Sunday, February 6, 2011

Reflections on an Online Master's Degree - The Good Stuff!

In November 2010 I completed a master’s degree in Educational Technology Leadership after 18 months of course work entirely online. I had taken isolated online classes in the past for professional development or to work toward additional teaching certifications and enjoyed learning in that manner, so when an opportunity for advancing my education this way came along, I took advantage of it.

There were definitely positive aspects to obtaining a degree this way.

Due to the way my particular program was structured, the courses were delivered “one-at-a-time” and each course lasted for five weeks. As a working adult it was definitely a plus to be able to focus on one course at a time. Each course also followed a predicable rhythm with weekly readings, required discussion board postings, and assignment due dates that kept me on a reasonable schedule and helped me to not fall behind. I found out that five weeks can go incredibly fast when the topic is of high interest OR there is a major project incorporated into the course.

(By the way, they aren’t misleading you when they say you’ll spend a minimum of ten hours a week on your coursework. Most weeks I spent ten to fifteen hours completing all of the course requirements for the week. There were occasional weeks when it was twenty or more hours.)

Occasionally there were web conferences where we could login to talk with the professor and our fellow students. In most cases we were not required to attend the conferences, but they were helpful for clarification on assignments or projects. The web conferences were recorded about 50% of the time, so even if we missed them, we could access the information at a later time. Other than the live web conferences, I was able to work on all of the course requirements – watching recorded lectures and completing assignments and readings – whenever I wanted to as long as I met all of the deadlines.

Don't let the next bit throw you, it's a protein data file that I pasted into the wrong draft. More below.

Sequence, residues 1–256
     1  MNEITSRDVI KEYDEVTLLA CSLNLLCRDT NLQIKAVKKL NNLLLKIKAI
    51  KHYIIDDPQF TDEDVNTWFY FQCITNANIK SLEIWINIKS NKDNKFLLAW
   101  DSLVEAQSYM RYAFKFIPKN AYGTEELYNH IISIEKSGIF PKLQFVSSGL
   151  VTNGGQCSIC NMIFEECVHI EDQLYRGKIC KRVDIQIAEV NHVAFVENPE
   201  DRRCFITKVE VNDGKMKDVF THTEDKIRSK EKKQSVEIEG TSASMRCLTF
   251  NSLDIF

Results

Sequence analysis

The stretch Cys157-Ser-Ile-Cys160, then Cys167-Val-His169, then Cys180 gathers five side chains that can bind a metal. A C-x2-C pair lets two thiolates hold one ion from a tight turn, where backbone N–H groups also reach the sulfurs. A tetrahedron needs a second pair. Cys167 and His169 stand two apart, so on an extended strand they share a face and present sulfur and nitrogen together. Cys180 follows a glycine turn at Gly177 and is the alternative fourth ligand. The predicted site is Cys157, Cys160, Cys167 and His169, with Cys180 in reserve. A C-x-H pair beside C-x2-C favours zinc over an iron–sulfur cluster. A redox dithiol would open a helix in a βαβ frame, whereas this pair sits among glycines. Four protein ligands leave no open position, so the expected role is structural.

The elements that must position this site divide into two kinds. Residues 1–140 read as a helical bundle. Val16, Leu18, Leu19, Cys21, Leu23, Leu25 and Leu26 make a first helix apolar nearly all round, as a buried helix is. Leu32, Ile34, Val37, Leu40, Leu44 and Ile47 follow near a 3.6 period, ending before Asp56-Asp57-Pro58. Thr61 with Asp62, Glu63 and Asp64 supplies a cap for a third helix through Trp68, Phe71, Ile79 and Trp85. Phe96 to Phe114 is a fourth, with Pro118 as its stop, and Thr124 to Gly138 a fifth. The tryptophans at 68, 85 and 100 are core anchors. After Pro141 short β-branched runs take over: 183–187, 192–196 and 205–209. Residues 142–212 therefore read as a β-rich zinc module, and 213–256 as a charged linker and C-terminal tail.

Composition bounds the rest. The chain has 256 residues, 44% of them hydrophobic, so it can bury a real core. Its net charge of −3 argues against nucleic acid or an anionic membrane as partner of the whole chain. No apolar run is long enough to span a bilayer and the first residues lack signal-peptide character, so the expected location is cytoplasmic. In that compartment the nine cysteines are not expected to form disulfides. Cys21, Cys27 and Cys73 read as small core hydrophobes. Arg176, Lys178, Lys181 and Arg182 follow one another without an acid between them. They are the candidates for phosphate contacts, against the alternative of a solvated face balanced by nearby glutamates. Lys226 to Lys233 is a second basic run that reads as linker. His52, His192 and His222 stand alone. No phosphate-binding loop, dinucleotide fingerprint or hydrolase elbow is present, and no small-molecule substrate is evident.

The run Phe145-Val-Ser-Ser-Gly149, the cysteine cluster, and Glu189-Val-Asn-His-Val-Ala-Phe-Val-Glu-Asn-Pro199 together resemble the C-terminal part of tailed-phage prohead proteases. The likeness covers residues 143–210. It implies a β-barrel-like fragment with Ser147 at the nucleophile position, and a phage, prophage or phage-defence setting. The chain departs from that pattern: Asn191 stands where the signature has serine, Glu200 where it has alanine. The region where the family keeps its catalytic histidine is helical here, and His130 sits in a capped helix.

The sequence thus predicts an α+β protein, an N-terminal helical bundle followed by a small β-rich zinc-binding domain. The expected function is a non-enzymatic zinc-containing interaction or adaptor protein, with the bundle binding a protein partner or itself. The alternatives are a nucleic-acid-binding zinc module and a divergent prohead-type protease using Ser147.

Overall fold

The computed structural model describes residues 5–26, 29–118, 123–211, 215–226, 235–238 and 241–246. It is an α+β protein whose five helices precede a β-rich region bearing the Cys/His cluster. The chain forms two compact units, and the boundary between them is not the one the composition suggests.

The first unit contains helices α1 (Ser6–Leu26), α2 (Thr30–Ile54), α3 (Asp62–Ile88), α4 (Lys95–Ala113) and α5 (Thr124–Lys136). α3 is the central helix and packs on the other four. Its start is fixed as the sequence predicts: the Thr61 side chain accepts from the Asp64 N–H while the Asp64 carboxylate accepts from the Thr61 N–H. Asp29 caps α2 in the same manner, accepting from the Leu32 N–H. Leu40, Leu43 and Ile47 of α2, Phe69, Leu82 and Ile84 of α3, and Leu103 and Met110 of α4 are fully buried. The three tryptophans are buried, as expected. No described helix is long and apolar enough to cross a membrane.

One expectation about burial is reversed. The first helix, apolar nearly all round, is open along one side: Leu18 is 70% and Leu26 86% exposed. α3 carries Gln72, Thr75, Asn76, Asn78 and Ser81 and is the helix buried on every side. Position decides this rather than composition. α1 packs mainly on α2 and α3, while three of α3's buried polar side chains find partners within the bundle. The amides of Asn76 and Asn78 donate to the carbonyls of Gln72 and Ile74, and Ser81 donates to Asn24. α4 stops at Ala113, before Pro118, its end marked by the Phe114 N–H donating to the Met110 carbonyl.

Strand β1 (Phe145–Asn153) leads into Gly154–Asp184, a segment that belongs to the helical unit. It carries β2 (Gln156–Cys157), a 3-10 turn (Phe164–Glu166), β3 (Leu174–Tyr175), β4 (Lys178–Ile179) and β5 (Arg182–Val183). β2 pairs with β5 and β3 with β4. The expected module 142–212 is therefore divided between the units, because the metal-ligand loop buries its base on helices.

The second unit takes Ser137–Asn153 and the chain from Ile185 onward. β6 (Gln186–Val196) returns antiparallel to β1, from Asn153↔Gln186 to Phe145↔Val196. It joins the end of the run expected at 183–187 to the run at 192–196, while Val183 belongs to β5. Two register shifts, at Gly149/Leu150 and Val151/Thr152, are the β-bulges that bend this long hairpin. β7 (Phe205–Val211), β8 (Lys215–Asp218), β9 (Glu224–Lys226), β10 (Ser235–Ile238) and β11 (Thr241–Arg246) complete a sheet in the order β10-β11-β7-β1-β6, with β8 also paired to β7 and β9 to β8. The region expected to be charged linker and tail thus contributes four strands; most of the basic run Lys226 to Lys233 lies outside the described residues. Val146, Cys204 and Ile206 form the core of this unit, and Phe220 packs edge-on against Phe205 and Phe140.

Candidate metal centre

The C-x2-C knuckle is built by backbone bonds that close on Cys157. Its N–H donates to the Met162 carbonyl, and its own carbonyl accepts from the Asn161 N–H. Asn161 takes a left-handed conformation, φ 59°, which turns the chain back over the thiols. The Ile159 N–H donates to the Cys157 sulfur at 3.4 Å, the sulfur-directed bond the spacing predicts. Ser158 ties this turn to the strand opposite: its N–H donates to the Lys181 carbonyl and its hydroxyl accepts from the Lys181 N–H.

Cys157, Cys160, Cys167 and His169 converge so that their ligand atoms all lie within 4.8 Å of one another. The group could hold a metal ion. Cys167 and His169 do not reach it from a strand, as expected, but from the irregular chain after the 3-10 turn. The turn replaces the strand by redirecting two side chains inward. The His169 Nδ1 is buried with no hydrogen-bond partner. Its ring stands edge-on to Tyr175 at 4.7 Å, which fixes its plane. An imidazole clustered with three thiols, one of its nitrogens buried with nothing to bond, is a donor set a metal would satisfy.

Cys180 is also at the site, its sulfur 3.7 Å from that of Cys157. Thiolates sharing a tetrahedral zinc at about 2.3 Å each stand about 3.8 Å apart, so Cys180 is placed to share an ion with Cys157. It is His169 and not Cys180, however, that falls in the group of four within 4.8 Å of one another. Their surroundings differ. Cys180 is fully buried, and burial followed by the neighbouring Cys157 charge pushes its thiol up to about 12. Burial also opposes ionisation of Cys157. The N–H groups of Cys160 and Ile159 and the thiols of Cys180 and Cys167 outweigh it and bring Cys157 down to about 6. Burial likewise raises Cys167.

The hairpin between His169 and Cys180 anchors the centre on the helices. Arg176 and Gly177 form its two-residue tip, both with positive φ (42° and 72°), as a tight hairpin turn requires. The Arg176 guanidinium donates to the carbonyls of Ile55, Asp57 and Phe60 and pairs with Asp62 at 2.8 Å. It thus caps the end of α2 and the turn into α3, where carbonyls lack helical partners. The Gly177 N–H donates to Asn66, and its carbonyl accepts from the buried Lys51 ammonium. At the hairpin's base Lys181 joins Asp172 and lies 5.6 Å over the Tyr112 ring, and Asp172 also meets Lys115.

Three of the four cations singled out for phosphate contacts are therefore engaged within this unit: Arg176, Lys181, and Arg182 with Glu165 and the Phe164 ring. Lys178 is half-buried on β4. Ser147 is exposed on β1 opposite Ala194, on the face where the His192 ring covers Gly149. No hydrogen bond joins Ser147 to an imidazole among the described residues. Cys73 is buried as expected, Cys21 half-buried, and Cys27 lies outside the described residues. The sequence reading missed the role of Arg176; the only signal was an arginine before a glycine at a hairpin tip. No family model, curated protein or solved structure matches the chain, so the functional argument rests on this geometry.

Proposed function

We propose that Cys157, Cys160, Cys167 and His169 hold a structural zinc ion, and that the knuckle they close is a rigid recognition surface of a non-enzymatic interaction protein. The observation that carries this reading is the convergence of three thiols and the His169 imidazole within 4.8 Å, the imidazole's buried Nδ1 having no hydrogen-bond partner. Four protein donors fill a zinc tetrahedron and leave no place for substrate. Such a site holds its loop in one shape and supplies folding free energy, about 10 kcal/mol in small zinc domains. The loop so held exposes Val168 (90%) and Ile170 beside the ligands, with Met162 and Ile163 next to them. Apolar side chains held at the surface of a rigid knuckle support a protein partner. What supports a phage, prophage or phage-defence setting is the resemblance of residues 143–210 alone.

I appreciated that the degree was aimed at working educators and to that end a large number of the assignments were designed to be directly applicable in K-12 education. Examples that jump to my mind are an Instructional Design class where the major project was developing an online course for students or teachers or in a Leadership for Accountability class performing a comprehensive needs assessment for a campus and designing a staff development experience which would target an area where improvement was needed.

Group projects were another enjoyable aspect of the online experience. In two classes, we had major projects spread over several weeks that had to be completed with classmates who were spread far and wide geographically. My knowledge and skills in using online chat clients and collaborative spaces such as wikis and Google Docs and Sites grew tremendously through completing these projects. I was also always fortunate to work with dedicated group members who all did their part to contribute to the projects.

When I had questions about any aspect of a course, I was able to email the instructional associate (IA) assigned to my course. This was not the course professor, but someone who acted as a liaison between students and professors. If the IA could answer my question, they would, or they would pass the question along to the professor if clarification was needed from that level. The IAs also graded our assignments. It was nice to have access to someone who could answer our questions quickly, always within 24 hours at the most but more often within only a few hours.

Overall, I am glad I completed this degree online and I definitely see where I have grown professionally as a result of completing it. My perspectives on education and educational technology have been broadened. My interest in online teaching has also been piqued, and as a result I hope to find ways to facilitate online professional development courses for educators in the near future.

Of course, no experience is perfect. In an upcoming blog post, I’ll share a few things about my online degree experience that I would improve, if I were in charge of the world. :-)

Have you completed college coursework at any level online? What did you enjoy about it? Please share your experiences in the comments, or blog about them and share a link!

If you found this post interesting, you may also want to read my March 11, 2011 follow-up post: Reflections on an Online Master's Degree - The Stuff That Could Have Been Better